The economics of immigration reform

Robin Mordfin | Dec 13, 2013

Sections Economics

Collections Immigration

My grandmother disembarked at Ellis Island in 1922, just as the doors to the United States closed on Soviet immigrants. Clearly, my family is relieved that policy did not change before she got her visa, but does that mean all of her dozens of descendants support continued immigration?  Of course not: We can’t even agree on a proper brisket-making technique. As a nation, we have been discussing the benefits and disadvantages of bringing new blood into the country for centuries, and the issue has yet to be settled.

This week the IGM Economic Experts Panel showed us that even the world’s leading economists can’t agree on this issue, judging by the mixed poll results for two questions about low-skilled immigrants. The first question considered whether the average US citizen would be better off if a larger number of low-skilled foreign workers were legally allowed to enter the US each year. Slightly more than half of the experts agreed with this statement. “This would drive down the cost of a variety of services,” said Aaron Edlin of Berkeley. Still, 28 percent were uncertain.

One reason for the high number of uncertain responses seems to be semantics: “‘Average US citizen,’ what does that mean?” asked Barry Eichengreen of the University of California at Berkeley. Others simply did not have an answer, citing a lack of information. “I am sure that I am uncertain,” said Caroline Hoxby of Stanford. “A certain answer would require a knowledge of EQM effects on which we’ve only a partial grasp,” she said.

Several panelists noted that there were both pros and cons to admitting more low-skilled foreign workers. Joseph Altonji of Yale pointed out that “real income of the average American would rise, but social strains and inequality would also increase.” Oliver Hart of Harvard commented that average citizens would be better off, but welfare payments to unemployed immigrants would be a countervailing effect.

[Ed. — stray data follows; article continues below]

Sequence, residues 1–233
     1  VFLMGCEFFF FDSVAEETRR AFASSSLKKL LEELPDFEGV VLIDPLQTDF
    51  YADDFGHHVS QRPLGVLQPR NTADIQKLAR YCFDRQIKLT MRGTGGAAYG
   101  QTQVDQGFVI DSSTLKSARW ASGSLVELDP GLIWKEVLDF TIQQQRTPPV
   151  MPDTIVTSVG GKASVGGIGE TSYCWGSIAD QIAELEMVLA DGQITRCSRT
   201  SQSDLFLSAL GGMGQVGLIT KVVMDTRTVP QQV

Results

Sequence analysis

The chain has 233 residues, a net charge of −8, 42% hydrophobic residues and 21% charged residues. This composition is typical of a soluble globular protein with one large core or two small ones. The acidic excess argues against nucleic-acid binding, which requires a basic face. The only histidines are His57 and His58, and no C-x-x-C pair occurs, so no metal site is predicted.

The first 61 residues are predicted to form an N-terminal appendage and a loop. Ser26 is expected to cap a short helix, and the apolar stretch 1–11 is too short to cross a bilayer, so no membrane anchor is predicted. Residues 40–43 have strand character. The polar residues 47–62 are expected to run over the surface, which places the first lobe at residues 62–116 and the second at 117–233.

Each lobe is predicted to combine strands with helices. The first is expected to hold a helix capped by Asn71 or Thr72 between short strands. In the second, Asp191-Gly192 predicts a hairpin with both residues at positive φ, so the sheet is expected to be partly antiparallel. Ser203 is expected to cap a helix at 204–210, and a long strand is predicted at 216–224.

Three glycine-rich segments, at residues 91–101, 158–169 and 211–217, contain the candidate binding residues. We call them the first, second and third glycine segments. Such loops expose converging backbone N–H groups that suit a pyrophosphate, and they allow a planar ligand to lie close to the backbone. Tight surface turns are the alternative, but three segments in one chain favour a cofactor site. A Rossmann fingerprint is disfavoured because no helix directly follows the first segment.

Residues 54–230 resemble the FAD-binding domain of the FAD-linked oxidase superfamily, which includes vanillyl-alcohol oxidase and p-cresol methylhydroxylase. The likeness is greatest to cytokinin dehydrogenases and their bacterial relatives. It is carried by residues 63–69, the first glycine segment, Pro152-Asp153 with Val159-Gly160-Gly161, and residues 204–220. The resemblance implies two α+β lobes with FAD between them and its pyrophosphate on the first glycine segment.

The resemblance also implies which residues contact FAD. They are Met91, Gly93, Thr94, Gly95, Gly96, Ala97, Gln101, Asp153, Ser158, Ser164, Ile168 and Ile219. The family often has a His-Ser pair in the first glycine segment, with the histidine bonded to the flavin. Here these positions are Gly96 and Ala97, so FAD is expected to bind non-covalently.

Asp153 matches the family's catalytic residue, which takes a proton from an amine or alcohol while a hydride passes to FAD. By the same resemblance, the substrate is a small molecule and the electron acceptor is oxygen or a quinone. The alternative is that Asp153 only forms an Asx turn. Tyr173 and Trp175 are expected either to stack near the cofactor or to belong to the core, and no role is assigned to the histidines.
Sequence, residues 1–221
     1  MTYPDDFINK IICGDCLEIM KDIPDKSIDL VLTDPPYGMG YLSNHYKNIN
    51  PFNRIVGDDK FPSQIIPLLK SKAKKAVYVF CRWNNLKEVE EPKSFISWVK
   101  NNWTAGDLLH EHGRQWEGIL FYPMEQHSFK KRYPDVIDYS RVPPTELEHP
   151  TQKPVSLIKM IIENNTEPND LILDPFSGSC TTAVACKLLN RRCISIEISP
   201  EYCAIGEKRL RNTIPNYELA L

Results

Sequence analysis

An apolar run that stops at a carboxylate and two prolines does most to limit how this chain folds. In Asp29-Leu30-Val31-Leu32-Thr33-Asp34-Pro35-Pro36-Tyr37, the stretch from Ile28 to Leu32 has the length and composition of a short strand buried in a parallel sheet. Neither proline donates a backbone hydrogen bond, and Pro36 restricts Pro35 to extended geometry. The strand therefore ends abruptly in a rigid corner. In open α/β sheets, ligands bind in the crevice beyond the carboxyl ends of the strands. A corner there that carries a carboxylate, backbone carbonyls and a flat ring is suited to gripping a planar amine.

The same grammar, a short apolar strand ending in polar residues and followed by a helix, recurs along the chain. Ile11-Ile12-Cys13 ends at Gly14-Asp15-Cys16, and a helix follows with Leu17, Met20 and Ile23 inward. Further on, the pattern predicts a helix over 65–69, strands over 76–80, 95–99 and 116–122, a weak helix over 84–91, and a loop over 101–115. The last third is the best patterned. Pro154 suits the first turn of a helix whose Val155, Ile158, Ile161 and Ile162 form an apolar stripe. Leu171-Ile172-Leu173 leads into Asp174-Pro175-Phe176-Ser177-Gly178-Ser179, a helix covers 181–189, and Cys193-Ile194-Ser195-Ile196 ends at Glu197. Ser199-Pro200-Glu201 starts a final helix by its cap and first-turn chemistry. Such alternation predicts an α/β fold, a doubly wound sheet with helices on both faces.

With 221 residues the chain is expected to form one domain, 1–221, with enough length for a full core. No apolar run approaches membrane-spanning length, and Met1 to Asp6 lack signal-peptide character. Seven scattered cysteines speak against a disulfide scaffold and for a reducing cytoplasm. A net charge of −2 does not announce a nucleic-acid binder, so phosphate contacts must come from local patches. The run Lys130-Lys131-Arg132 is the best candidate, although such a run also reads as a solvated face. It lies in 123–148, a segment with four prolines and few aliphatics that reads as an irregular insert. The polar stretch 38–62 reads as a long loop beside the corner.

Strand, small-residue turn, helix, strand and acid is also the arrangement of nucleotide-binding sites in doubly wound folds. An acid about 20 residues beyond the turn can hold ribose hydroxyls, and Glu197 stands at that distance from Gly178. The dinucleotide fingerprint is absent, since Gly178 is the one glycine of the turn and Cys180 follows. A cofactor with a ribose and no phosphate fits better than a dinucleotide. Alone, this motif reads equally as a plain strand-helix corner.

As for the second question, half of the panel agreed that low skilled American workers would be substantially worse off if a larger number of low-skilled foreign workers were legally allowed to enter the US each year. “ A higher number of workers of the same type seeking jobs would lower their average wages or employment rate,” said Darrell Duffie of Stanford. His faculty mate, Kenneth Judd, concurred. “It is hard to see how [low-skilled American workers] would benefit, and they would lose from the competition in the labor market,” said Judd.

As in the previous question, nearly a third of the respondents were uncertain, and again some of the indecision came down to semantics: several experts questioned the meaning of the word “substantial.” Others questioned the available evidence, including Robert Shimer of the University of Chicago. “Evidence that immigration pushes down low skill wages is mixed,” said Shimer.

The question of how the country should approach immigration remains one that is often discussed and never resolved. Still, it is comforting to know that even some of the best minds out there can’t agree on something the rest of us are arguing over at the dinner table.